Meet the Parents 2018

Confident Custodians

Sandeep and Tanya Goyal on how freedom instead of control has worked wonders

Soumik Kar

The pug gingerly makes its way through the living room and parks itself at our feet. This distinctly seems like the one from the Vodafone commercial. Given that we are about to meet one of the biggest names in Indian advertising, it’s only natural to think of stuff related to ads. As we roll our eyes across the room, we see endless books on art that sit pretty with ceramic Toby jugs. The paintings on the walls are particularly impressive. The denizens come across as true connoisseurs of art.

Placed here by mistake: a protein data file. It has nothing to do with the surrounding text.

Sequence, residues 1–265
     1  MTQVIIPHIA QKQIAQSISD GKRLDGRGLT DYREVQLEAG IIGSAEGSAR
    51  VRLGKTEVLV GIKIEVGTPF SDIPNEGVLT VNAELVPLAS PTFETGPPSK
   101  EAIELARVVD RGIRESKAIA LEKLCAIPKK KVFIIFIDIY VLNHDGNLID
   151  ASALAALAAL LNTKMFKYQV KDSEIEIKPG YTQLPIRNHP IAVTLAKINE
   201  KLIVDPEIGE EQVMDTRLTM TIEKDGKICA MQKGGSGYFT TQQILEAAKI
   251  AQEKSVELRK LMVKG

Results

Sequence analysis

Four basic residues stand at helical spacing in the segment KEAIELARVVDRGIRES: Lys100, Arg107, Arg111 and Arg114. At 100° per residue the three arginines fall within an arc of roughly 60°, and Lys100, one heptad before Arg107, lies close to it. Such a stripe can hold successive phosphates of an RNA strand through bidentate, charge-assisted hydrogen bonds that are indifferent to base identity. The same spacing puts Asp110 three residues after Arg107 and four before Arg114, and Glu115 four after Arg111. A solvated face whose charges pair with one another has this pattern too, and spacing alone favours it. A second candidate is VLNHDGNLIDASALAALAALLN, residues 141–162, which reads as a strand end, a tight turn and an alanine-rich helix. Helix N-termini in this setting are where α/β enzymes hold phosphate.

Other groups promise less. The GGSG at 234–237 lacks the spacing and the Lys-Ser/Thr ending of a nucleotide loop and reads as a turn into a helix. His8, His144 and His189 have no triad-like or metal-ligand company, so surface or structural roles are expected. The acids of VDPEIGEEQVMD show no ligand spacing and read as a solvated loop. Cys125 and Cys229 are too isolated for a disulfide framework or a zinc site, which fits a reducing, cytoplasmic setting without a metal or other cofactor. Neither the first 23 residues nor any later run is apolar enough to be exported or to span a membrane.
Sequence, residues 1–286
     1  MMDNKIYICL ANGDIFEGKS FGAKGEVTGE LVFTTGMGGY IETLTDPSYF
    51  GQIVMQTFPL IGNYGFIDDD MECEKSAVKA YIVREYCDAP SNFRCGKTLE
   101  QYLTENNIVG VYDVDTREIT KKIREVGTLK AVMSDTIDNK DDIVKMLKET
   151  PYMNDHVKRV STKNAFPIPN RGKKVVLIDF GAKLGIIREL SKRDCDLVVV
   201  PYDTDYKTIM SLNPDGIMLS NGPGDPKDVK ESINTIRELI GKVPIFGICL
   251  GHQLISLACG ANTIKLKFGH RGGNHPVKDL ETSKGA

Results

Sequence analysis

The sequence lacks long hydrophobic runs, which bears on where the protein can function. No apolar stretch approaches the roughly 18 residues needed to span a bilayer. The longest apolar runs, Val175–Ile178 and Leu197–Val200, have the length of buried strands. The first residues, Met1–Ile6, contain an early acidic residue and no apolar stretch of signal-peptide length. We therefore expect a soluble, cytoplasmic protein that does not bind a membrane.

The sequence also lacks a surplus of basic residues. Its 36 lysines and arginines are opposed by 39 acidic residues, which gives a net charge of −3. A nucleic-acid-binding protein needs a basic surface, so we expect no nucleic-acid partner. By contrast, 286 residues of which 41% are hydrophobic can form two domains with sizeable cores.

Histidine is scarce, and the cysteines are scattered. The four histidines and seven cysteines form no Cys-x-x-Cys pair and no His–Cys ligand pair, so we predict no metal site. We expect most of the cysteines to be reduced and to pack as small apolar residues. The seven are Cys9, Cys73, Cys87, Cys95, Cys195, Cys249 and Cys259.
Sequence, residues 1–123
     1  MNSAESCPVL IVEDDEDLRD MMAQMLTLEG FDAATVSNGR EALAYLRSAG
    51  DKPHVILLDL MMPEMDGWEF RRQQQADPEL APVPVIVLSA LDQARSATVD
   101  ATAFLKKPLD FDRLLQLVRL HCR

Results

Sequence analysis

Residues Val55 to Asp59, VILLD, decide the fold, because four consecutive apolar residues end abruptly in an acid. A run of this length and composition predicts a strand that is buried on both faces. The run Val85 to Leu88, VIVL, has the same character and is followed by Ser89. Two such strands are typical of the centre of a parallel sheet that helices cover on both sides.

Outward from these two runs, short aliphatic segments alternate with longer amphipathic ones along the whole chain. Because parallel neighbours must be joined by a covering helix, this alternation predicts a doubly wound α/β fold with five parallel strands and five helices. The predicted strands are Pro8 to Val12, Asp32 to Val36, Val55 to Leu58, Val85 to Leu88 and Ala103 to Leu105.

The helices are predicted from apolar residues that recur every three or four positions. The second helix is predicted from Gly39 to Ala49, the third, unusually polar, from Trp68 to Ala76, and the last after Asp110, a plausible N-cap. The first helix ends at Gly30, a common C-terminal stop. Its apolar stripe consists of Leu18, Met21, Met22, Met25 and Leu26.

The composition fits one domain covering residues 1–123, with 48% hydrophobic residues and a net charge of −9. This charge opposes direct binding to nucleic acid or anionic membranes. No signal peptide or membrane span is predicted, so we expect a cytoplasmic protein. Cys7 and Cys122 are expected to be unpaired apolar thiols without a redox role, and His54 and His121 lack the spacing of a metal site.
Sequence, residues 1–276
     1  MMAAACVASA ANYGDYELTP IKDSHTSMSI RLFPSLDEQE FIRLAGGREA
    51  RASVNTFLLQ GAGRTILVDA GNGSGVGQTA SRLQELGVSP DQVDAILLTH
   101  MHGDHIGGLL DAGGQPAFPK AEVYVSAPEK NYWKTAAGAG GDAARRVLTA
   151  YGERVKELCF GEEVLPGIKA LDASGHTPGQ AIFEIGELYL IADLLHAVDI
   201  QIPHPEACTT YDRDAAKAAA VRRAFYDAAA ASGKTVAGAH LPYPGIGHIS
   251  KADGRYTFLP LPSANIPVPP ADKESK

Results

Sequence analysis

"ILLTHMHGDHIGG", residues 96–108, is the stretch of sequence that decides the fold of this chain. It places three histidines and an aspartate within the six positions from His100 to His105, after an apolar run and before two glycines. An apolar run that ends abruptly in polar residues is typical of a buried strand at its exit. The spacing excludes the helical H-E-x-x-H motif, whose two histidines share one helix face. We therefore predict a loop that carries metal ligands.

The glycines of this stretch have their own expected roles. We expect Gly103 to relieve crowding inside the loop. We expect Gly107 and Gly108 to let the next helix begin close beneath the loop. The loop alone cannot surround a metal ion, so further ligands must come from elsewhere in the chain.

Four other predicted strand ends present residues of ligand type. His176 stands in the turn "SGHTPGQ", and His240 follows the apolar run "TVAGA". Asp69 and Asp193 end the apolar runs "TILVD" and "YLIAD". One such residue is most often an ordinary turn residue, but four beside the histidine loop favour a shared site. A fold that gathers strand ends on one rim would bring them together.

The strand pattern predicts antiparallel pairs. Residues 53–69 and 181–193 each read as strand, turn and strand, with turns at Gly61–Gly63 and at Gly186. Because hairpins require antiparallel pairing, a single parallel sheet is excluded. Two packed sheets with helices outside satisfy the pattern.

As we glance at pictures of a girl, whose face transforms across frames, Sandeep Goyal walks in an all-black outfit and informs us, “That’s my daughter, Carol. All of us love art.” Then, he points in the direction of the photographs to tell us when and where each one was clicked. “That’s three generations together,” showing us a family portrait with his parents and daughter. “They just dote on Carol! And unlike most kids these days, she talks to both my parents and Tanya’s parents; regularly from New York.”  

Both Sandeep and Tanya grew up in different parts of Punjab in simple middle class families, before they moved base to pursue their higher education. Sandeep went to Faculty of Management Studies in Delhi; Tanya pursued her MBA from Punjabi University. The two got married in April 1987.